Mojo (Publisher) - p.1064 stars out of 5
- "A musical lam across a mythic America....The seven minute 'Irish Setter' now sounds like a miniature blueprint for Ry Cooder's LONG RIDERS soundtrack..."
Record Collector (magazine) - p.1004 stars out of 5
-- "It's a pleasant journey to take, rattling along with the odd surprising flourish to mark the way, a random piece of dissonance to keep you awake and, above all, a reassurance that you're in safe hands."
Personnel: Matt Andes (guitar); Mark Andes (electric bass); Kevin Kelley (drums).
Liner Note Author: M. Ward.
Recording information: Sierra Sound Laboratories, Berkeley, CA (08/1965).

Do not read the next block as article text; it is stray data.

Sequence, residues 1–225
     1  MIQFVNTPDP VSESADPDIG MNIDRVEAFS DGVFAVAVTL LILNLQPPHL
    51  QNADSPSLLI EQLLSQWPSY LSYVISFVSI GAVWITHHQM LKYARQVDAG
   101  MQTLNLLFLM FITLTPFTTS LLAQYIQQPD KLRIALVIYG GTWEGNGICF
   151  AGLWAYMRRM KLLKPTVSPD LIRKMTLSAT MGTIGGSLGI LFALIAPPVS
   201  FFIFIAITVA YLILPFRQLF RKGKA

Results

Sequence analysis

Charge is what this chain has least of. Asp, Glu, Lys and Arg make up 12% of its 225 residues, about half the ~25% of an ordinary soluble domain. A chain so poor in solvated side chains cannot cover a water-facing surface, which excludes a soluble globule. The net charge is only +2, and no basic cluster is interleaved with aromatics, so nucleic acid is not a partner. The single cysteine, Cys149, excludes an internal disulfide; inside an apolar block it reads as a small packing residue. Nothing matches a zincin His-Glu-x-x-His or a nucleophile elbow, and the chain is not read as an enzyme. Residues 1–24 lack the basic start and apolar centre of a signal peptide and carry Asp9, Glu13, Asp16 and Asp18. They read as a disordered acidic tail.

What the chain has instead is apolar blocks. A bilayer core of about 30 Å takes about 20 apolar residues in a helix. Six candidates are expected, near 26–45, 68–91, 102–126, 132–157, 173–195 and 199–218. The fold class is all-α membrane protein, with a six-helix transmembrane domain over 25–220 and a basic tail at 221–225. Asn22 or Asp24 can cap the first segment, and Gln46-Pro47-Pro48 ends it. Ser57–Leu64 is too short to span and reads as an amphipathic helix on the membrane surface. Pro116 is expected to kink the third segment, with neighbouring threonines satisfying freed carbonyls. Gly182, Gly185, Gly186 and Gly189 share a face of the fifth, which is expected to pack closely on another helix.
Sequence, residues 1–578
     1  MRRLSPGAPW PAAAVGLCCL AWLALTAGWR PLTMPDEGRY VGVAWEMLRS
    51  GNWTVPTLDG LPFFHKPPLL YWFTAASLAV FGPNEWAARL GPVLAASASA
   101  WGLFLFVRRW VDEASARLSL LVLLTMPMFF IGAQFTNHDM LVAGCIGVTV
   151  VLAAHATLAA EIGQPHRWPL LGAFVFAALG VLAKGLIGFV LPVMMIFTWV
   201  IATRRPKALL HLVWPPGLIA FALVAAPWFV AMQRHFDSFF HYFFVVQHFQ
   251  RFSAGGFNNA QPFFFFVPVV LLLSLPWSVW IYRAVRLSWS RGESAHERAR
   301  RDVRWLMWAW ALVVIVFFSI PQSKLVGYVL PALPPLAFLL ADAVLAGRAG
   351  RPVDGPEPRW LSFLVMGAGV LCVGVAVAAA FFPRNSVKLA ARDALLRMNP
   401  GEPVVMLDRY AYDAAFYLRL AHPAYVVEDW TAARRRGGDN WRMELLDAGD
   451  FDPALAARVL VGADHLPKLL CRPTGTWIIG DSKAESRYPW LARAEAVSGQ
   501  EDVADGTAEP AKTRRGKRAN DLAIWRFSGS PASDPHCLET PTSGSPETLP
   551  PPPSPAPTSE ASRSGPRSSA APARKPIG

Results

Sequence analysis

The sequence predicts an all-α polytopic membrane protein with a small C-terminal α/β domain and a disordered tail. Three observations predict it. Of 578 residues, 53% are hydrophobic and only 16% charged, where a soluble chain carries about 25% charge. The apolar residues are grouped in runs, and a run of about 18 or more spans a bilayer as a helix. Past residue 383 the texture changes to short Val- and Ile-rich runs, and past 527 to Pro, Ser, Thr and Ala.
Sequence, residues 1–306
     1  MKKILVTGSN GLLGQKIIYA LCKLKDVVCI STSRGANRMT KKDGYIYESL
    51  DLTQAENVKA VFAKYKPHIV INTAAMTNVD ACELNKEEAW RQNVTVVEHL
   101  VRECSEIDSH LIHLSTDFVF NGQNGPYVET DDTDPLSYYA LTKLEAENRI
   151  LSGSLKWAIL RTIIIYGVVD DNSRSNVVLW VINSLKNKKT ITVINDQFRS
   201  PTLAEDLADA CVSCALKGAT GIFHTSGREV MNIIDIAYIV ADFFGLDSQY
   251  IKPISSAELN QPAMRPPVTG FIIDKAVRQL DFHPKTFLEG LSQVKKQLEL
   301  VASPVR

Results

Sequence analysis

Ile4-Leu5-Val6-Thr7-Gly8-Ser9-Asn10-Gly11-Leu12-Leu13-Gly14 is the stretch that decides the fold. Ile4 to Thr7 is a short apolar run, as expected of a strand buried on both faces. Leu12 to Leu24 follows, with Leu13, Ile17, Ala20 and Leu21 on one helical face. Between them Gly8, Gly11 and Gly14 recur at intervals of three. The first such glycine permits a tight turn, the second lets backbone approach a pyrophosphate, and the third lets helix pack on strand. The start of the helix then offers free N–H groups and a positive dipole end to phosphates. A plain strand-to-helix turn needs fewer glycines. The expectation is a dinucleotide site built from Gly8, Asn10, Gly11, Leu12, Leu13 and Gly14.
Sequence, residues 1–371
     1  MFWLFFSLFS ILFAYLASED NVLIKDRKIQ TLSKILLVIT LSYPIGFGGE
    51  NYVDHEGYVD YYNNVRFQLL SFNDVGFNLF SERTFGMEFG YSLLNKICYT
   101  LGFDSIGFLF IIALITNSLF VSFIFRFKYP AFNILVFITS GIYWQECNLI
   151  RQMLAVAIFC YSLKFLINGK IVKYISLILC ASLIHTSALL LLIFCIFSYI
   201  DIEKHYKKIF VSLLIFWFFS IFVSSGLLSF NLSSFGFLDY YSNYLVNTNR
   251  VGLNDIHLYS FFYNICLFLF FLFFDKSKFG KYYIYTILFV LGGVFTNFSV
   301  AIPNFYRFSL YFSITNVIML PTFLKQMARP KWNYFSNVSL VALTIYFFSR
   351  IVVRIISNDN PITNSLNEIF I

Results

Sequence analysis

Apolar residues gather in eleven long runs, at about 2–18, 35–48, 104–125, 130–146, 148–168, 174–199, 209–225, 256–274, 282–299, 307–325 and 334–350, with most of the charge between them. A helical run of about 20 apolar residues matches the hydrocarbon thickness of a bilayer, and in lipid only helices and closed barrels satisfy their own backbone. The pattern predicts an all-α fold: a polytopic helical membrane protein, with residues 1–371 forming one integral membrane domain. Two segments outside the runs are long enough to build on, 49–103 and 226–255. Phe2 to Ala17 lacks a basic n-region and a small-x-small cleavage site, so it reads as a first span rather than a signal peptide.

This particular John Fahey side is a personal favorite of many of his devout fans for several reasons. And although such a judgment is tough, if one were looking to own only one album by this unique guitarist, The Yellow Princess could be the one. The recording sound is among the best of his many releases; at the proper volume, the effect is as if one had taken up residency inside the sound hole of a giant acoustic guitar. The program of pieces is marvelously emotional and varied, with many moments of precisely stated harmonies moving at courageously slow tempos. The second piece on the first side, "View (East from the Top of the Riggs Road/B&O Trestle)," is surely one of his masterpieces, on a par with Charles Ives for musical Americana. It is a great added bonus to have liner notes by the artist, some of the best and most absurd text he ever came up with. Yet another reason this is one of Fahey's top sides is it allows a chance to hear one of his few collaborations with other musicians. Several members of the fine rock group Spirit are present, along with drummer Kevin Kelley, for several lovely pieces, including "March! For Martin Luther King," a remarkably heartfelt tribute that could have gone on much longer. Taped sounds and electronic effects on "The Singing Bridge of Memphis, Tennessee" certainly predict the more noisy stuff Fahey would get into in the later part of his career. ~ Eugene Chadbourne